Cumulation, Evaluation, and the Research Process: Investigating the Diffusion of Conflict

Peer-reviewed Journal Article

Starr, Harvey; & Siverson, Randolph M. (1998) Cumulation, Evaluation, and the Research Process: Investigating the Diffusion of Conflict , Journal of Peace Research 35(2): 87–93.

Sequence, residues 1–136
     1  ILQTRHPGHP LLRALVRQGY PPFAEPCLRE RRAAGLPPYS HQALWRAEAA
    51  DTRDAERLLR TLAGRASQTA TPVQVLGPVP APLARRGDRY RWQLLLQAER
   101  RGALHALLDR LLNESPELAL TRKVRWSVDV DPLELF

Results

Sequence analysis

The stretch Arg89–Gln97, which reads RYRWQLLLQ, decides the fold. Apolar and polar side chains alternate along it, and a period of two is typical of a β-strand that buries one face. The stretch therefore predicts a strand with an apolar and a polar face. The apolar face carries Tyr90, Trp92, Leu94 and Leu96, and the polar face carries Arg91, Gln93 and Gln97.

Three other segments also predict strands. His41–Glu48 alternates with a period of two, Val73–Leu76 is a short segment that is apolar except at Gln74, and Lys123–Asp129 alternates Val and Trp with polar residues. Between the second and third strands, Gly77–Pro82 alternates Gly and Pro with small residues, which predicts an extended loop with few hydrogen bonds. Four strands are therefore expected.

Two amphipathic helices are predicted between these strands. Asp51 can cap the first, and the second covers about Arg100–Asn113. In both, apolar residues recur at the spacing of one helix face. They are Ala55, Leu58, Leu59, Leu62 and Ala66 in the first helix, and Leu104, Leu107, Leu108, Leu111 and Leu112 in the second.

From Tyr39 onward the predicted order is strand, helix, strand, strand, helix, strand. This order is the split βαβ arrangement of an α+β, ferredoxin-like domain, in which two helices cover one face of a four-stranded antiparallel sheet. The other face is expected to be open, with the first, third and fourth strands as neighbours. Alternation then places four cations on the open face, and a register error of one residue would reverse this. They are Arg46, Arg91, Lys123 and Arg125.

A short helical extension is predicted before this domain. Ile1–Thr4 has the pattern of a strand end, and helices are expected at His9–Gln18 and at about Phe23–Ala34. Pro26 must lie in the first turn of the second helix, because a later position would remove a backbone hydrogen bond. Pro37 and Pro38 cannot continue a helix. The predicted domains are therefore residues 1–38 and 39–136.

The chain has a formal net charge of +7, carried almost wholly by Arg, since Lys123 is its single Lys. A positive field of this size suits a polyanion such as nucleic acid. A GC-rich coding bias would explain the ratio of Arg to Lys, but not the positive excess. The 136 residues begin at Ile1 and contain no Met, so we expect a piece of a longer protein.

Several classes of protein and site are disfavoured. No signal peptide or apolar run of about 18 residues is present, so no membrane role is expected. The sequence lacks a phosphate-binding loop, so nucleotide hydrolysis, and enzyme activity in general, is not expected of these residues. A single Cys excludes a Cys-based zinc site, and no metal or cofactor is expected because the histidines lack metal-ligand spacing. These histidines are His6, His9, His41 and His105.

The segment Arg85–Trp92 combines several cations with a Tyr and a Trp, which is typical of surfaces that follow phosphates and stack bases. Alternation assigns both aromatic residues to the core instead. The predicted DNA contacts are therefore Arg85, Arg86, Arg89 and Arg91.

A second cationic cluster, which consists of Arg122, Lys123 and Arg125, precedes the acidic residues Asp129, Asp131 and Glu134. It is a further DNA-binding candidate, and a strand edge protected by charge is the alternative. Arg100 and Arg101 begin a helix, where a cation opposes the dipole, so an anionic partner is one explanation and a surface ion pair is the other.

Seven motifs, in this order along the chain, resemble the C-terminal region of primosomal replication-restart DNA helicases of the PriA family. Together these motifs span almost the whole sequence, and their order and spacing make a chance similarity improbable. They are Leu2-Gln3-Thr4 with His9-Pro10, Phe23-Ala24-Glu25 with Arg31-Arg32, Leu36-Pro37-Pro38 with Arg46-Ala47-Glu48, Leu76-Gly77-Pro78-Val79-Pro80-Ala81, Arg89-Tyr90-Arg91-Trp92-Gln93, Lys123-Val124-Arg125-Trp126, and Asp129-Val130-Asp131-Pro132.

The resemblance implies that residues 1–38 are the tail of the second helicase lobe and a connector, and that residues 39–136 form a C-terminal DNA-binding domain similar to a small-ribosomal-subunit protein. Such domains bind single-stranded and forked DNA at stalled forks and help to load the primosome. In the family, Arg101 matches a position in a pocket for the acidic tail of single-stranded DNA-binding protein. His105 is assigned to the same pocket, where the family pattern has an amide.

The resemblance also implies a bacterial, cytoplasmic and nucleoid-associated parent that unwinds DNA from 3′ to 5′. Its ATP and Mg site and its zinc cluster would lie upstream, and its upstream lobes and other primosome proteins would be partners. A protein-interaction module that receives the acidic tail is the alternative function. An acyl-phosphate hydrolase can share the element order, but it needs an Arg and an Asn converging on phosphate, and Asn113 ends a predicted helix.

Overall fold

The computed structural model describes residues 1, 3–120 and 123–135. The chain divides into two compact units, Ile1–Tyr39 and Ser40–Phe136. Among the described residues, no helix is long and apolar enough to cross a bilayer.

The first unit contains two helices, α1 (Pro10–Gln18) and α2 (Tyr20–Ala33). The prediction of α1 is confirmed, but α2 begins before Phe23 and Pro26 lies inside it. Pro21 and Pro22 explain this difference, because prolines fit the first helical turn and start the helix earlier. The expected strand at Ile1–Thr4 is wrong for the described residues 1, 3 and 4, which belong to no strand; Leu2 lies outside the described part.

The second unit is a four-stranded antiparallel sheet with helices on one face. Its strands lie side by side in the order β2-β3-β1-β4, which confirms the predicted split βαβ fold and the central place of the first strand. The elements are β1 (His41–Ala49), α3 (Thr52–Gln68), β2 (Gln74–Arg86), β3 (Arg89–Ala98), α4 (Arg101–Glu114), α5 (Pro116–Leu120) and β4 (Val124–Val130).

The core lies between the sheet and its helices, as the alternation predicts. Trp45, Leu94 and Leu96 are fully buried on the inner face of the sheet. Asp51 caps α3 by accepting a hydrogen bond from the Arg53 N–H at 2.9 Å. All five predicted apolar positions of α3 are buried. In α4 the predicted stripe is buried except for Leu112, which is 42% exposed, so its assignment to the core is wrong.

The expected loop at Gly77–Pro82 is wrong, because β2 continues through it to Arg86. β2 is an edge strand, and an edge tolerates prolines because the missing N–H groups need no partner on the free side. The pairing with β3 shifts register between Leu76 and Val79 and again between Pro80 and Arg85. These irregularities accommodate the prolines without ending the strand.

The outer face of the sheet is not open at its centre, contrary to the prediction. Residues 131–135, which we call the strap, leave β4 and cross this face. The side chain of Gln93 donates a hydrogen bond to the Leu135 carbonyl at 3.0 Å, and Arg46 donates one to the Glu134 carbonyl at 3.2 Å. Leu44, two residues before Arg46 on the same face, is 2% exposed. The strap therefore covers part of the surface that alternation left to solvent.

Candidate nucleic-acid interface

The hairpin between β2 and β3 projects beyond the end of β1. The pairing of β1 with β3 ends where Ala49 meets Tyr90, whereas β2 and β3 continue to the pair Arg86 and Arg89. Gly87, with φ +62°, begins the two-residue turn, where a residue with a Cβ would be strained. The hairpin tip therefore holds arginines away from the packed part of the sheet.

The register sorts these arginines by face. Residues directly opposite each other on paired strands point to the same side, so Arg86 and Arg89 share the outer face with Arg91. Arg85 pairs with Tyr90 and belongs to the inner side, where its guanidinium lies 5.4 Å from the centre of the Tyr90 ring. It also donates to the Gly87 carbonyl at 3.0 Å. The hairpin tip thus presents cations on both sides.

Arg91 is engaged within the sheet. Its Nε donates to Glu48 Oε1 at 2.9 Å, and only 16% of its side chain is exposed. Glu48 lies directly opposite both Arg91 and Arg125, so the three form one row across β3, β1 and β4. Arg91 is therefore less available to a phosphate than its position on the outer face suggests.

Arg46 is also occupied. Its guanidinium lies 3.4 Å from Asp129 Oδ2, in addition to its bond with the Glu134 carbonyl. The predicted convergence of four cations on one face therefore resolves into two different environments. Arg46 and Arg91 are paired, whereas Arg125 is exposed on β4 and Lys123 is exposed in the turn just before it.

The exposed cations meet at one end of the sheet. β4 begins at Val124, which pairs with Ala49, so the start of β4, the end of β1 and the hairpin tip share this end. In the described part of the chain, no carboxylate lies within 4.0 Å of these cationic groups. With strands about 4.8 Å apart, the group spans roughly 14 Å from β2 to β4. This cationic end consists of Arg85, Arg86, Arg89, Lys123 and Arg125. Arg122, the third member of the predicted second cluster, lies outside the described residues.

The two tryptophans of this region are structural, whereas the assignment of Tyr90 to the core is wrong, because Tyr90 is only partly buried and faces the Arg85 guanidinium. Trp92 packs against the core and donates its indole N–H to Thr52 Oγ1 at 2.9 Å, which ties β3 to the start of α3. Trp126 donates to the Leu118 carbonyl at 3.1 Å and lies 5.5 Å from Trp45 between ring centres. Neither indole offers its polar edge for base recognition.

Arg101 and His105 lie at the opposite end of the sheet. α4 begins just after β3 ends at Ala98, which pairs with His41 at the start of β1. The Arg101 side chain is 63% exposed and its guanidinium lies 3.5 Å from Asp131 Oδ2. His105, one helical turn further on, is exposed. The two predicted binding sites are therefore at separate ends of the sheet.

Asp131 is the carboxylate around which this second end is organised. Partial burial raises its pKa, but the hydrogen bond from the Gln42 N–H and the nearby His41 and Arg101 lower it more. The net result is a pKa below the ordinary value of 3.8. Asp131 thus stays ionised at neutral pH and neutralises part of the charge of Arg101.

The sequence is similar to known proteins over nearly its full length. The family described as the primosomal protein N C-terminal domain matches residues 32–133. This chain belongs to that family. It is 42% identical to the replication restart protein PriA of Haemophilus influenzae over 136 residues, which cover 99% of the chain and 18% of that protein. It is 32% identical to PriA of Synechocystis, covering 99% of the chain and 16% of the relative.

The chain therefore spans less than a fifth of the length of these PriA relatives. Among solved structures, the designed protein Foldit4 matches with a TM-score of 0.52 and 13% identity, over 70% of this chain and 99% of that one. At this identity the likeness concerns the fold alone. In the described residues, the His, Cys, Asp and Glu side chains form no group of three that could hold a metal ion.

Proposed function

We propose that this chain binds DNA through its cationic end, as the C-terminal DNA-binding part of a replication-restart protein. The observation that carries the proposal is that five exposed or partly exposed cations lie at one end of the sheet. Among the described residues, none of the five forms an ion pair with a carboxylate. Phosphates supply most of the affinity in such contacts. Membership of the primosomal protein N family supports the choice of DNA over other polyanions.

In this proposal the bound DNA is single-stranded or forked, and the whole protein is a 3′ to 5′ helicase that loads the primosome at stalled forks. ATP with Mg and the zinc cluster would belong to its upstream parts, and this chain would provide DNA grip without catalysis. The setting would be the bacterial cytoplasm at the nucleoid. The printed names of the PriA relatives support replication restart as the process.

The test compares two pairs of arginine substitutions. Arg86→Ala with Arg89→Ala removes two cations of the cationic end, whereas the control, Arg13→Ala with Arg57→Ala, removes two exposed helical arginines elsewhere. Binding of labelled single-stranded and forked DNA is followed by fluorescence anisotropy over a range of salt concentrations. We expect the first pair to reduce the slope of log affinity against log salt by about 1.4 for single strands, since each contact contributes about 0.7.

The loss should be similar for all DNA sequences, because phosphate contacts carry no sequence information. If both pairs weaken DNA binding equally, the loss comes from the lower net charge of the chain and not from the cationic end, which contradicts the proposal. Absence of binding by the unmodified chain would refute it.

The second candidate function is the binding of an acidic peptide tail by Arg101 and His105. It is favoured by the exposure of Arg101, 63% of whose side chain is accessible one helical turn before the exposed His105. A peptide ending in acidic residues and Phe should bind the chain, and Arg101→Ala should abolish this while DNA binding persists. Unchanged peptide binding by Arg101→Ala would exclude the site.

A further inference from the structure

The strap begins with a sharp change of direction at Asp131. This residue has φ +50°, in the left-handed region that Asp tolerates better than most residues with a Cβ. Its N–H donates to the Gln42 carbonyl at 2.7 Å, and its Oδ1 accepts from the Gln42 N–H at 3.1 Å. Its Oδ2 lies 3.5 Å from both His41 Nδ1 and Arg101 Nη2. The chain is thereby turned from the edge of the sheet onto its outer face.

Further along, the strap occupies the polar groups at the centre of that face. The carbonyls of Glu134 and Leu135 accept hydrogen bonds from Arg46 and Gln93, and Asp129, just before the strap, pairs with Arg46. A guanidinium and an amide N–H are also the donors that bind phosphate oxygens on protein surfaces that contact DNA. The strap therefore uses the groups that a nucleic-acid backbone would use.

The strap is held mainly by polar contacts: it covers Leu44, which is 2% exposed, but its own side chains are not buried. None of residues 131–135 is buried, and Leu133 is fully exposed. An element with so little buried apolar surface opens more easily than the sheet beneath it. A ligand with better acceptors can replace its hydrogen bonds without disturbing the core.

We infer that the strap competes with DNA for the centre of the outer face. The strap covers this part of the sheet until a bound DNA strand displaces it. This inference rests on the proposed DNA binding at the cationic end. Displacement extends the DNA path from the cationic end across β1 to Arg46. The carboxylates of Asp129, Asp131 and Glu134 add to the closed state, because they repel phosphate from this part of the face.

Broad analytic assessments of research areas can be invaluable for scholars because they can inform the ongoing feedback process between theory and research that is at the heart of scientific inquiry. Unfortunately, Simowitz's (1998) evaluation of diffusion analyses of conflict has several problematic characteristics that make it less useful to the research community than might otherwise be the case. The major difficulties we see in her article are: (1) the forced, idiosyncratic synthesis of the standard of scientific progress and its consequent application; (2) the excessively unilinear conception of scientific process (and progress); (3) the inaccurate understanding of some of the research on war diffusion; (4) the failure to include in the evaluation several studies and results that might have led to different conclusions; and (5) the absence of any constructive suggestion of where research on the topic of war and conflict diffusion might profitably be directed.